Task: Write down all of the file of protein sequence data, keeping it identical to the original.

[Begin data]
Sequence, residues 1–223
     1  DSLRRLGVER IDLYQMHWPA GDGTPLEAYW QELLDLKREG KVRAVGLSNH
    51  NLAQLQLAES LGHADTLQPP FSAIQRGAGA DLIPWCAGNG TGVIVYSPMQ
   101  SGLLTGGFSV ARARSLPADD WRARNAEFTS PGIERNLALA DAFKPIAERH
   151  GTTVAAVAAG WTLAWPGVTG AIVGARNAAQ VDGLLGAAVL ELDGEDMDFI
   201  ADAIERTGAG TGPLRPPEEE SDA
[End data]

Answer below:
Sequence, residues 1–223
     1  DSLRRLGVER IDLYQMHWPA GDGTPLEAYW QELLDLKREG KVRAVGLSNH
    51  NLAQLQLAES LGHADTLQPP FSAIQRGAGA DLIPWCAGNG TGVIVYSPMQ
   101  SGLLTGGFSV ARARSLPADD WRARNAEFTS PGIERNLALA DAFKPIAERH
   151  GTTVAAVAAG WTLAWPGVTG AIVGARNAAQ VDGLLGAAVL ELDGEDMDFI
   201  ADAIERTGAG TGPLRPPEEE SDA